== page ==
Band: Lacrimas Profundere
Album: How To Shroud Yourself With Night
Genre: Gothic Metal
Release Date: August 16th, 2022
For Fans Of: Unto Others, Paradise Lost, Type O Negative
Like DJ Khaled, Lacrimas Profundere find themselves suffering from success. The veteran gothic metal band’s last release, 2019’s Bleeding The Stars, was a solid record and apparently a critical darling. After that record’s release, Lacrimas Profundere immediately began working on a follow-up, trying to evolve instead of staying in an uncomfortable cage. Then covid hit and the world changed. Three years later, Lacrimas Profundere are ready to release their thirteenth full-length studio release, How To Shroud Yourselves With Night. Bleeding The Stars is in the past, and Lacrimas Profundere aren’t looking back.
Regardless of their songwriting intent, this record clearly comes from the same band. You’re still getting morose gothic metal with big choruses. The vocals form the foundation of this record, as the wide variety of sounds, from spoken word to pseudo-growling, to different styles of singing and Woods Of Ypres-style crooning, add depth to the dark and murky songs. The guitar tones shimmer in the background, creating a theatrical feel to the entire record.
Lacrimas Profundere have a very deliberate and paced songwriting style. While this means that individual band members have less of a chance to stand out, the songs on How To Shroud Yourselves With Night feel cohesive and like they follow an intriguing, slowly flowering path. This structure serves the band well. Even though there are no hair-scalding guitar solos or dynamite drum passages, each note has meaning and intention.
Everything Lacrimas Profundere plays sounds slightly slower than I expect. In addition, many melodic lines in both the vocals and guitars feel like they add a beat or two. This extra space lets their melodies soar even as it occasionally bogs down the band’s music. Lacrimas Profundere maintain an enjoyable tone, so it’s nice that they give themselves extra time to float in it. They have the space to write moments like the dueling vocal and guitar lines on “In A Lengthening Shadow” and have it sound clear.
How To Shroud Yourselves With Night feels like a long record, even though it only lasts for forty minutes. The record can exhaust me in a bad way. This isn’t entirely the band’s fault: Lacrimas Profundere’s stretched out, morose style sounds great, but eventually I want to move on faster than the music does. This music contemplates its existence on its own time. Additionally, this album touches just a bit too much on the Peaceville Three sound for my taste. While this will be a plus for some, it’s not the direction I like my gothic metal to go.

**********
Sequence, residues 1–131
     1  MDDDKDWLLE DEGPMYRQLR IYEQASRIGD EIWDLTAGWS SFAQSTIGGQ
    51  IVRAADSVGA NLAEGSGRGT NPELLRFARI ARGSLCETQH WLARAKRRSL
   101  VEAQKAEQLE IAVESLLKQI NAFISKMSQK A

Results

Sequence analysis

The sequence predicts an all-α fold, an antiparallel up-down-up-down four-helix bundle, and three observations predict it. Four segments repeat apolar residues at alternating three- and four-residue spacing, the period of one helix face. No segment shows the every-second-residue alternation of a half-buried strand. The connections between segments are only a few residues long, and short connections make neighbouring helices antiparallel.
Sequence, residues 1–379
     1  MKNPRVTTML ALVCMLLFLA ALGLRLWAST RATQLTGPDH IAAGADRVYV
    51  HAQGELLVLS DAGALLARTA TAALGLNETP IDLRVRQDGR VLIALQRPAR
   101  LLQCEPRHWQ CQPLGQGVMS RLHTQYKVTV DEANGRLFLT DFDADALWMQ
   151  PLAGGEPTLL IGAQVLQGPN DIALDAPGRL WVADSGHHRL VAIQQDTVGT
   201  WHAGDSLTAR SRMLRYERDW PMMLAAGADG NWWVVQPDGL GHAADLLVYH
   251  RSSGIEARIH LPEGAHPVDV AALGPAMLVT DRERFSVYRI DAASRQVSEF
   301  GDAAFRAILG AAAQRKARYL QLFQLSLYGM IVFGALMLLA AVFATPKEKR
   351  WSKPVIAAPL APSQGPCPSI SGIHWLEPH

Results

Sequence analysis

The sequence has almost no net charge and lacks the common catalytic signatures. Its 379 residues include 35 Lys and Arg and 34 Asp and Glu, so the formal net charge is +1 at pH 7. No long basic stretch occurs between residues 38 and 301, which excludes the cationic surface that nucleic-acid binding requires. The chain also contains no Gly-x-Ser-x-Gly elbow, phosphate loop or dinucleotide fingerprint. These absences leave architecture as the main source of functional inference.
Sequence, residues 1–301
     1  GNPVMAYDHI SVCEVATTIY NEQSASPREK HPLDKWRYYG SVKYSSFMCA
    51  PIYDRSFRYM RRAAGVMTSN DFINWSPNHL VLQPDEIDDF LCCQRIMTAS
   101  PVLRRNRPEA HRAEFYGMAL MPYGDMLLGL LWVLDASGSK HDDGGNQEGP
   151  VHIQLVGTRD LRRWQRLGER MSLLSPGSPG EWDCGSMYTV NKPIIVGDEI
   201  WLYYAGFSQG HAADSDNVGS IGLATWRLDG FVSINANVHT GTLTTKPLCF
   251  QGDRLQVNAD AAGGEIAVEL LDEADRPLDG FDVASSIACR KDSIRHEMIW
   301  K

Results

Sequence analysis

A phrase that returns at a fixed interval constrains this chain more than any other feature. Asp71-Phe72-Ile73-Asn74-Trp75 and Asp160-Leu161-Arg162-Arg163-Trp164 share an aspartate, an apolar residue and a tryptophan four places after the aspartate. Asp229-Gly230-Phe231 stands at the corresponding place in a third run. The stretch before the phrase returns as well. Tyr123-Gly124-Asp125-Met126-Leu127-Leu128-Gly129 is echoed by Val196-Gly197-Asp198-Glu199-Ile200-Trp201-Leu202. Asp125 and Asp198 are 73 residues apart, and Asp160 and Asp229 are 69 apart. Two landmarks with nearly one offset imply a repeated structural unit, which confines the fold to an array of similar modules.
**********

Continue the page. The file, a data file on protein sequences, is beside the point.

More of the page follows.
The biggest flaw with How To Shroud Yourselves With Night is that despite the band’s best efforts, this feels too much like a lesser version of Bleeding The Stars than a record that stands by itself. Repeating a peak is quite difficult. While the band is attempting to move on with their art, I ended up being stuck in the past on this one. There is limited time in the day, and given the choice between Bleeding The Stars and How To Shroud Yourselves With Night, I will choose Bleeding The Stars most of the time.
Don’t shed any tears for Lacrimas Profundere, they’re still an excellent band making memorable music. While How To Shroud Yourselves With Night isn’t their best, I’ve enjoyed my time with it and will continue to listen to it for a long time. Fans of Lacrimas Profundere will like what they’ve given us here, and fans of dark or gothic metal will appreciate the glossy, detailed sound of this band. I’d recommend this to anyone who feels that Unto Others sound a little too cheesy. Anyone who wants music for the gym should turn away.
- Wall Of Gloom
- A Cloak Woven Of Stars
- In A Lengthening Shadow
- The Curtain Of White Silence
- The Vastness Of Infinity
- To Disappear In You
- An Invisible Beginning
- Shroud Of Night
Total Playing Time: 40:08